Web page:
post to Learn-Learn-Learn 02/09/2013

Posted from Diigo. The rest of my favorite links are here.

Posted in #diigo

post to Learn-Learn-Learn 01/28/2013

Posted from Diigo. The rest of my favorite links are here.

Posted in #diigo

post to Learn-Learn-Learn 01/22/2013

Posted from Diigo. The rest of my favorite links are here.

Posted in #diigo

Mobile context – Time Opportunity

In thinking more about the context for mobile users/learners, the consideration of “time opportunity” keeps gnawing at me. I started to think out loud via this post, and I’m continuing my lil’ ol’ self-dialogue in this public space.

I start off with:

There is a time opportunity
I didn’t plan to use my smartphone at a certain time. Rather, I find myself with just enough time to look something up or accomplish a specific task. I choose to take advantage of this opportunity.

When I have an opportunity like this, I make a quick mental calculation … how long do I think I have to wait? and do I have enough time to complete the task I want to? In this calculation I consider time as relative and rather general – “Gee, I’m going to be waiting here with nothing to do for a long time.” That’s all relative. I don’t think, “OK. I’ve got 12 minutes to wait on this line.”

Likewise I consider the task in a similar, relative timeframe – “So, I have just enough time to do X.” And thus the calculus, whereby I am considering whether or not to use my smartphone to complete some task, is quick … almost a ‘gut instinct’ approach.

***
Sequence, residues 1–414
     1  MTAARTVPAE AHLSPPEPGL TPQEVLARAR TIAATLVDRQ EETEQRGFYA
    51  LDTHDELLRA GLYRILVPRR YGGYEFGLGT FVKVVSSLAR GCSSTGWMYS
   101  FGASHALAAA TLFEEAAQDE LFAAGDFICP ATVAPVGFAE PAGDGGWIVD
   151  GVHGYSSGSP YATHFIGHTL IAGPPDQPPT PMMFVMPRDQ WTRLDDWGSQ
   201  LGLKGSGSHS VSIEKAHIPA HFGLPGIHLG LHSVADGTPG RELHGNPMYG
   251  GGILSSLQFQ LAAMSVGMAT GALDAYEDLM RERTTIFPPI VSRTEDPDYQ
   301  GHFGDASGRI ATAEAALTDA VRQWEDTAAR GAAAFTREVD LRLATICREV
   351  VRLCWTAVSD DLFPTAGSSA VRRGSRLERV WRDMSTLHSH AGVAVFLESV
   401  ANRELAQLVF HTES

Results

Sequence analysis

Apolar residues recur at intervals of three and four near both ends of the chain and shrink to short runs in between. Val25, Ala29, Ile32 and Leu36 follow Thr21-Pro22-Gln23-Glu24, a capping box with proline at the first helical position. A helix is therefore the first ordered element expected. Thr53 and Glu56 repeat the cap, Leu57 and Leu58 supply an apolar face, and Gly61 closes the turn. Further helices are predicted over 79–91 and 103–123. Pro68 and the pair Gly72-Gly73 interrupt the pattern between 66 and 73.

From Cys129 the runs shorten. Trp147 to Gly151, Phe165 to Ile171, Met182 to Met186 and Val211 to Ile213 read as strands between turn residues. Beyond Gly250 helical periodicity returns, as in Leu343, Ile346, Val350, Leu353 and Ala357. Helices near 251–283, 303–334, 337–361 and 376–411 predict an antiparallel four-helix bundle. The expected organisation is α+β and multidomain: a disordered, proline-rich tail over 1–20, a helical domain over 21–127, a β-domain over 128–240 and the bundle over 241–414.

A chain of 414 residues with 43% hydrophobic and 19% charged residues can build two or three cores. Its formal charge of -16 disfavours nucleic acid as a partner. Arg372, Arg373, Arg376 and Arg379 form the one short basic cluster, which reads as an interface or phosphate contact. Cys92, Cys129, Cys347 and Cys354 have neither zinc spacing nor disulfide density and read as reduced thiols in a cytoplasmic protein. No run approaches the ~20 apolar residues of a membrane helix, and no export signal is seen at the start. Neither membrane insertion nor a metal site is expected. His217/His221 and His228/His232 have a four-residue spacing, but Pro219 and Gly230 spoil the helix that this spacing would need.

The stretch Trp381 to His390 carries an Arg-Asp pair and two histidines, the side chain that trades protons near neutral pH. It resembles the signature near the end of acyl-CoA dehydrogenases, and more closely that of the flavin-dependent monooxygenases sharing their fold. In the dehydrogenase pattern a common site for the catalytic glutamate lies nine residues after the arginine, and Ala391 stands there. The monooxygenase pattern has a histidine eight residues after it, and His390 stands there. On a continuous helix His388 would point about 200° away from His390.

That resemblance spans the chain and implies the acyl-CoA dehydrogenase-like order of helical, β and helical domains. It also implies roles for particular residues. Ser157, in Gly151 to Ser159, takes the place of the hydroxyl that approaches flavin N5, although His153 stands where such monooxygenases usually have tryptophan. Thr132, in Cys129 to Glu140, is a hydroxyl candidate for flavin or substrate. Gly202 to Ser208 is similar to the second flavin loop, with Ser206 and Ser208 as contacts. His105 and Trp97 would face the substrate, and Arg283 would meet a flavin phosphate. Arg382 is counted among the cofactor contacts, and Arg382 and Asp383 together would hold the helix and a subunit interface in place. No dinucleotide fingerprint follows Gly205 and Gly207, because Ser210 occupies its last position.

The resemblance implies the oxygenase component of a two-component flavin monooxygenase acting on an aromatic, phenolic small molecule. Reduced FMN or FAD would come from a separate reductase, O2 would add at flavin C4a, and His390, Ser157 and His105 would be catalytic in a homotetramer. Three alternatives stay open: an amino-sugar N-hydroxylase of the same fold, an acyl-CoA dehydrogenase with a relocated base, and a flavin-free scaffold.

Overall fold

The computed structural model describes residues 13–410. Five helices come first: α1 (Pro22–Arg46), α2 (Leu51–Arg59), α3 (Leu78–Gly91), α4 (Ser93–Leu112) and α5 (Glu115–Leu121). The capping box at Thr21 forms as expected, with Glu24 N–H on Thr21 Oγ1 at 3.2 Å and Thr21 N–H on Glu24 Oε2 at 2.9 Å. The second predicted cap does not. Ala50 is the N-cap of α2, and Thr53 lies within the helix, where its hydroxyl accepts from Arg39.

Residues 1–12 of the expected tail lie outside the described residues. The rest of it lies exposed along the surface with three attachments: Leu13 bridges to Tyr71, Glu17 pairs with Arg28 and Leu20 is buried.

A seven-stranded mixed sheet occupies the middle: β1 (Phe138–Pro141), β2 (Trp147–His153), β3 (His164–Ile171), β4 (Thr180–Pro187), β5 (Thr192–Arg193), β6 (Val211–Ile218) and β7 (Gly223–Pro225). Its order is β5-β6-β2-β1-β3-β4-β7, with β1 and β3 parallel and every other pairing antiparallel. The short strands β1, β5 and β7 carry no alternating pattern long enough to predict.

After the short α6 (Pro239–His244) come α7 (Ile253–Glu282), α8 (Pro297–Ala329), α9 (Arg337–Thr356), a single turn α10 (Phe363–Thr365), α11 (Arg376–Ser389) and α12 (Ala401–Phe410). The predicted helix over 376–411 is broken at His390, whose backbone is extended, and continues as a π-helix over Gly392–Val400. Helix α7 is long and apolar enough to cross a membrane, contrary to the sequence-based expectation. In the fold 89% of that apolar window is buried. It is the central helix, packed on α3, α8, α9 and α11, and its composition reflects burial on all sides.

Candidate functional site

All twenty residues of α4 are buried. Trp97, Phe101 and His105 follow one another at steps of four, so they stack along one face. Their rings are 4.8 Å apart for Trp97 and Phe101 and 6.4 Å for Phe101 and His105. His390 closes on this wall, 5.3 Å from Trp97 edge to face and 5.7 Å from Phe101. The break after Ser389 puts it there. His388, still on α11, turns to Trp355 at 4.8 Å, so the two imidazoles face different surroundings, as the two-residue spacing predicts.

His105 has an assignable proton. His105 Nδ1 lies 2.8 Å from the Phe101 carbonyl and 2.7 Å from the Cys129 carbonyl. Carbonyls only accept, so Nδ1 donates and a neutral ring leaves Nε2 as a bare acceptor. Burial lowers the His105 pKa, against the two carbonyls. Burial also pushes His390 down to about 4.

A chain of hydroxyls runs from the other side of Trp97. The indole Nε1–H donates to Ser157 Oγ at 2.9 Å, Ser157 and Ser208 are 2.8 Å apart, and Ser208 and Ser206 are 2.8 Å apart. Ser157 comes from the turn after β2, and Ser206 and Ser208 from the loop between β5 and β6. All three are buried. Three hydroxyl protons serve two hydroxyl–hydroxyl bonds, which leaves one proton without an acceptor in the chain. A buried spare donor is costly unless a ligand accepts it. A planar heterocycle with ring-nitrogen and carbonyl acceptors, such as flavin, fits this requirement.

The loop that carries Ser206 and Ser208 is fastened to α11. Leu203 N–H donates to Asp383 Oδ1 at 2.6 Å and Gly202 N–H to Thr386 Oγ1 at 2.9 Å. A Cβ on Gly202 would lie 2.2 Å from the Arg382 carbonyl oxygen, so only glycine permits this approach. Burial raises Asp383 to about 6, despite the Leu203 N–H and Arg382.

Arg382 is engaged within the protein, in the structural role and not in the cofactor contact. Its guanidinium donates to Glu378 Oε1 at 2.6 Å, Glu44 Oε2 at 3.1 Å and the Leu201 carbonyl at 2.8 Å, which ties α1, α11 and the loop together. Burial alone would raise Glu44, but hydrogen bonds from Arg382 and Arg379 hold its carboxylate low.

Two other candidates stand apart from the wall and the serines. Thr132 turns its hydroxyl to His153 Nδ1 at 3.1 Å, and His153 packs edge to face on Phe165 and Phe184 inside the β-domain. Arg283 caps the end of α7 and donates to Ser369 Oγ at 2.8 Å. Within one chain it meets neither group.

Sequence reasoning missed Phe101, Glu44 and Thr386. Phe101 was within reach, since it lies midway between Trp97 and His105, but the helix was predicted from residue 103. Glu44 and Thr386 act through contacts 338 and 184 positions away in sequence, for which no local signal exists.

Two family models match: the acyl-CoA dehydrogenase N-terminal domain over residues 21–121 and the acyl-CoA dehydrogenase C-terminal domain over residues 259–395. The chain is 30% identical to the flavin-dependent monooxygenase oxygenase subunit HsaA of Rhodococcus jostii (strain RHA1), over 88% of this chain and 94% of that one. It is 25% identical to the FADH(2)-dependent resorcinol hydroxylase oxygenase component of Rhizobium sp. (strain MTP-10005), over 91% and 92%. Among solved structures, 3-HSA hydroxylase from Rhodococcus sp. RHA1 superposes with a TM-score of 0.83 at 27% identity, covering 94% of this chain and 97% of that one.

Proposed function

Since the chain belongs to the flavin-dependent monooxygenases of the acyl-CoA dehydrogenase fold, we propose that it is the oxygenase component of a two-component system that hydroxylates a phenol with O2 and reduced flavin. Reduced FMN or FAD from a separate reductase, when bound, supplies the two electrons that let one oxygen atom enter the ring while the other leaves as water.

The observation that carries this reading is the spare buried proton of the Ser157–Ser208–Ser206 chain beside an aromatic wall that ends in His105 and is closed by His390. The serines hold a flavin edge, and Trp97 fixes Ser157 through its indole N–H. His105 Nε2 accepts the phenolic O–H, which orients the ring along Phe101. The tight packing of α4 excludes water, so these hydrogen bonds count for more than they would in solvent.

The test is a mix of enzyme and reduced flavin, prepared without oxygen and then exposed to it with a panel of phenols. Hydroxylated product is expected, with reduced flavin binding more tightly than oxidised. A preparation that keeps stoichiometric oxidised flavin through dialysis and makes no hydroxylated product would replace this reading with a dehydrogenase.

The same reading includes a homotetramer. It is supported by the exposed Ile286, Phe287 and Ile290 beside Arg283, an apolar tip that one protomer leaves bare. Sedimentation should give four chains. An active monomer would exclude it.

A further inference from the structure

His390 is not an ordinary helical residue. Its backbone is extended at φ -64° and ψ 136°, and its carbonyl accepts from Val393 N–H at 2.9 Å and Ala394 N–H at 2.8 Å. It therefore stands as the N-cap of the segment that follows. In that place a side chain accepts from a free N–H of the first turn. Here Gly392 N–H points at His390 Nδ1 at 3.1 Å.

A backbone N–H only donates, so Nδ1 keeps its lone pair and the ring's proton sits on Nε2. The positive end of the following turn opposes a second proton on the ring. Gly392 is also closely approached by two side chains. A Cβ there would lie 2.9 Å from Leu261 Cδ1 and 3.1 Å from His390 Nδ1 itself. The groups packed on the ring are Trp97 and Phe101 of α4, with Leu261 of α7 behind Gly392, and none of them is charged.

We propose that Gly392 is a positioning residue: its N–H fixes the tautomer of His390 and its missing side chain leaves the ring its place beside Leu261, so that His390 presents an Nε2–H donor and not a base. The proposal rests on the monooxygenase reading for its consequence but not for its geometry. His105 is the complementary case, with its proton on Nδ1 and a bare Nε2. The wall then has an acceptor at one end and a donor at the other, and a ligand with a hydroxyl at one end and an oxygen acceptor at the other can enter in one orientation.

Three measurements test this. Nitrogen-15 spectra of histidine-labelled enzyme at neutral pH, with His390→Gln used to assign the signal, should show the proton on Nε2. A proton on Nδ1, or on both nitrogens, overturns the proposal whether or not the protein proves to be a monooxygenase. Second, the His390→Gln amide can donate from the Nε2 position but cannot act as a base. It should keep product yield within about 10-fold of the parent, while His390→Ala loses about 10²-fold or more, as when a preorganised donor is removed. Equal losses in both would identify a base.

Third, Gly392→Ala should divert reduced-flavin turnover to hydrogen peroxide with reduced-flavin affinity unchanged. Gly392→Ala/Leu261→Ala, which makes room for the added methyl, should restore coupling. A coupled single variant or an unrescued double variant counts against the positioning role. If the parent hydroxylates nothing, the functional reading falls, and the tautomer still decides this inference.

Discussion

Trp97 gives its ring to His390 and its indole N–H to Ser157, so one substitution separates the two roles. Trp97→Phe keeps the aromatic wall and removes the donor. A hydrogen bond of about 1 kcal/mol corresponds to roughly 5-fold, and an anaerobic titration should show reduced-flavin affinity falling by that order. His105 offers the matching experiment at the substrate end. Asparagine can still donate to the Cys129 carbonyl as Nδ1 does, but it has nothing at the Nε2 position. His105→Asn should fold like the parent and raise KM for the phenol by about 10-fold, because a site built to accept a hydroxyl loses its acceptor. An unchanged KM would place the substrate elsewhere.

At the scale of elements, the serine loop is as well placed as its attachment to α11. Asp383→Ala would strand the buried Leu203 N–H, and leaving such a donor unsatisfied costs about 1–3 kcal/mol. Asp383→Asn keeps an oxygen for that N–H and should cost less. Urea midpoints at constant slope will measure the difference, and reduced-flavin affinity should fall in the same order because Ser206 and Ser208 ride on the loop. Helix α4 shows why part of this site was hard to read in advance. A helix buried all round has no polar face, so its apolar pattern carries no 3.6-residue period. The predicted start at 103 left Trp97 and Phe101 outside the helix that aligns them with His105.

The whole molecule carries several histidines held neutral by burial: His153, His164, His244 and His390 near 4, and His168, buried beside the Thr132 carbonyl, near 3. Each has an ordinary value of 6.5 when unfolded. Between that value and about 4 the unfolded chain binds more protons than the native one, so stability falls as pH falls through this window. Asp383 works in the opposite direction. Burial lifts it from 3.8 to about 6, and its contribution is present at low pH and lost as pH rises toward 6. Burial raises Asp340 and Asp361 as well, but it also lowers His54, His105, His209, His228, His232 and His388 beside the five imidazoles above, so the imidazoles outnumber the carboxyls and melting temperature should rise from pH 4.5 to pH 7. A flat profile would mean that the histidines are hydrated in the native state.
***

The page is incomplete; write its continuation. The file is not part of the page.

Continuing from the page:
If I believe that I will be able to complete the task, then I’ll take advantage of the time opportunity to do so. If, however, I think for some reason that I really won’t have enough time, then I’ll choose to not do that task.

What may be some mobile learning design implications?

The task needs to be short in duration. If I think that it’s going to take a long time to complete, then I’ll pick something else to do. Even something that’s 10-12 minutes in duration may be too long because I may perceive it to be too long to complete.

Part of my perception about the task is sensing how quickly and how easily I can launch the mobile experience and get to the information I need or want.

  • If I have to wade through a series of screens by clicking a ‘next’ button just to get to that one piece of information, then I’ll forgo the task.
  • If I am forced to view some type of “Welcome to this …” or “How to use this …” screen, then I’ll think my time is being wasted and go to do something else.